Anyone who has happened upon Amazon.com over the past several months has undoubtedly noticed Amazon’s painstaking efforts to market its new Kindle 2 device to readers-at-large. The Kindle – a hardware device about the size and weight of an average book – allows users to directly download e-books (up to 1500 at a time) and read the titles on its “electronic paper” display. Of all of the Kindle 2's new features, the most heavily promoted is its ability to “read” books aloud to the user by relying on text-to-speech software.
However, this new feature has come under attack by the Author’s Guild which contends that a purchaser of an "e-book" buys only the right to read the book -- not the right to have the book read out loud. In fact, the concern that this feature will cannibalize the market for audio-books was apparently big enough to incite the President of the Author's Guild to author a New York Times opinion column on the issue. As noted in his article, technology has advanced to a point where the “computerized voices” on text-to-speech software are “almost indistinguishable from human ones”; with some of these programs going so far as to include an occasional ‘um,’ ‘er’, sigh and -- even -- coughs, in order to accurately simulate a human reader. Thus, the threat posed to audiobooks by text-to-speech software is greater than would have been possible in the past.
Rap artists Lil Jon, Lil Bo, and Big Sam, who together comprise the hip hop group Lil Jon and the East Side Boyz, prevailed in a copyright infringement case regarding the song "The Weedman", from their platinum album, "Kings of Crunk". The case was brought by a freelance musician and producer who claimed copyright ownership of the work, and the artists prevailed after successfully asserting a defense which was primarily based on the existence of an implied license for the use of the work.
The decision rendered by the United States Court of Appeals for the Eleventh Circuit can be found here.
For years now the federal judiciary has made documents filed in federal court litigation available through a search platform known as PACER (Public Access to Court Electronic Records.) While the documents available through PACER are in the public domain, access to the documents requires registration as the documents are not indexed by commercial search engines. Moreover, a government fee of eight cents a page is charged for reading, printing, or downloading the documents.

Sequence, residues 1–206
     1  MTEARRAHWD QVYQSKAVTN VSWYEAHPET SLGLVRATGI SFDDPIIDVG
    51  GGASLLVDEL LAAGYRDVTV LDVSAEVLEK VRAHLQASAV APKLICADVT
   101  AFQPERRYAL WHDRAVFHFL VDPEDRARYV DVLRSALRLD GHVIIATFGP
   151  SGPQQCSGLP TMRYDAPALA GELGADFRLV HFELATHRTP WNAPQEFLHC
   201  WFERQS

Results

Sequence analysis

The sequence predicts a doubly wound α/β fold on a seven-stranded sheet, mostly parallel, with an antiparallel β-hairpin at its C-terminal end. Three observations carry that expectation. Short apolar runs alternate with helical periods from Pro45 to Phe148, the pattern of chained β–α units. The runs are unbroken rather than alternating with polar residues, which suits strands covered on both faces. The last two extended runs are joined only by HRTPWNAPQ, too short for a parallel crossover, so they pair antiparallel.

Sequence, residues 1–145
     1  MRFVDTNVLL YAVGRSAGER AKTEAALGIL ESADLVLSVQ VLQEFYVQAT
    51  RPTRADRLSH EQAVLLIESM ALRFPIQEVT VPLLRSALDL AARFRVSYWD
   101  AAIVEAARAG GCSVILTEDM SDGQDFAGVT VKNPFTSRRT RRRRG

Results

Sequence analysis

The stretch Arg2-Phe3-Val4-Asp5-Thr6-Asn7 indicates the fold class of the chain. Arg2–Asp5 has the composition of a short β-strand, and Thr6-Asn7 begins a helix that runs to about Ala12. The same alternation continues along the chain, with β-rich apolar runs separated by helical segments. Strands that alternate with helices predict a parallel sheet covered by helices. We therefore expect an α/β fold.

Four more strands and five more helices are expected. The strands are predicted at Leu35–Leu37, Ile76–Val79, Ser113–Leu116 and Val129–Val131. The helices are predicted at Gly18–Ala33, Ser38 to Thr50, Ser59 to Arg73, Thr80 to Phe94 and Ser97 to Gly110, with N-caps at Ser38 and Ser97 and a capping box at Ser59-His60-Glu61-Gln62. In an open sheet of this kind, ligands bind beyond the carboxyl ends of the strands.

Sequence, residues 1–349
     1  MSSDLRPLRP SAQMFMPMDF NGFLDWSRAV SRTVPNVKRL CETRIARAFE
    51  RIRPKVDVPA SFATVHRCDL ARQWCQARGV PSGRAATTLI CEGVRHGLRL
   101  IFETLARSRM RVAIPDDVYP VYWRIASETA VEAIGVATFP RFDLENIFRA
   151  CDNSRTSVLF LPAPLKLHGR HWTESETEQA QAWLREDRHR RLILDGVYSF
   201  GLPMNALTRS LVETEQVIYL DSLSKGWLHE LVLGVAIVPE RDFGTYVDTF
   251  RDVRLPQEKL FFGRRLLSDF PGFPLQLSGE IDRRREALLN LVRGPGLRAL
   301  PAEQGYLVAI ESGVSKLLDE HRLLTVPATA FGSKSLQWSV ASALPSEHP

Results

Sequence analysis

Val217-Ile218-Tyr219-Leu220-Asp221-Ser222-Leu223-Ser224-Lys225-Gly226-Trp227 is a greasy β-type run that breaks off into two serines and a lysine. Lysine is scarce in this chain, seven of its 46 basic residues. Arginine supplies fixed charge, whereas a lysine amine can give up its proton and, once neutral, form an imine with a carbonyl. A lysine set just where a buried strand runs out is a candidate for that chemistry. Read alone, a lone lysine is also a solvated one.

The registration and fee requirements arguably have the effect of limiting public access to these records. Accordingly, an individual named Carl Malamud has been asking paying users of PACER to send him their documents and has begun publishing these for free on his website.
The U.S. Bureau of Customs and Border Protection ("CBP") prevailed in a recent decision from the United States Court of Appeals for the Ninth Circuit, which concluded that CBP was authorized to seize watches bearing the counterfeit trademark "TOMMY", and impose a fine as a civil penalty on the importer, even though the owner of the mark at issue did not make or sell watches at the time of the seizure. The case is entitled United States of America v. Able Time, Inc., and the decision can be found here.
Earlier this year, Gibson Guitar Corp. became involved in litigation related to the enforcement of its patents against the makers and retailers of the GUITAR HERO video game. With the emergence of the GUITAR HERO video game into the popular culture, the results of this litigation could have interesting consequences. Here is one of the first news articles on this topic: www.msnbc.msn.com/id/23732204/
On October 13th, a bill increasing protection of intellectual property, namely, the Prioritizing Resources and Organization for Intellectual Property Act of 2007 (the “PRO-IP Act”) was signed into law by President Bush.
The Act increases civil and criminal penalties for piracy and counterfeiting and creates a national "IP czar” who will be appointed by the Senate. The Act also enhances the Department of Justice's ("DOJ") power to enforce IP rights by authorizing law enforcement agents to seize property from copyright infringers.
Microsoft was recently awarded U.S. Patent 7,415,666 for a Method and System for navigating paginated content in page-based increments which has some up in arms at the notion that Microsoft could patent 'Page-Up' and 'Page-Down' keystrokes. (link) However, as you consider the outrage, remember that patents are much more than what is set forth in their titles and abstracts, and a true understanding of what is covered can only result from 'paging down' through the text of the patent to the claims. They are the starting point for revealing the true scope of a patent, which in most cases is much more nuanced than what may originally be thought.
J.K Rowling emerged victorious in a copyright decision that was announced earlier today by the Southern District of New York. The work at issue? A Harry Potter encyclopedia written by a librarian and rabid Harry Potter fan. In permanently blocking publication of the work, the court rejected the defendant's "fair use" defense, finding that the encyclopedia incorporated "too much of Rowling's creative work" and would cause J.K Rowling "irreparable harm" as a writer.
Obviously, a guide to a "fictional universe" must necessarily incorporate lengthy references and passages of the underlying fictional work. However, today's decision highlights the limited applicability of the "fair use" defense to such works (which are not, in a strict sense, academic.) Accordingly, future authors of such literary guides may want to consider seeking a copyright holder's consent prior to beginning any such endeavor. Otherwise, they too will risk having their book tossed into a 'goblet of fire' (or 'chamber of secrets') by an adverse copyright ruling.
Find the story here.
Find an explanation of the "fair use" defense here.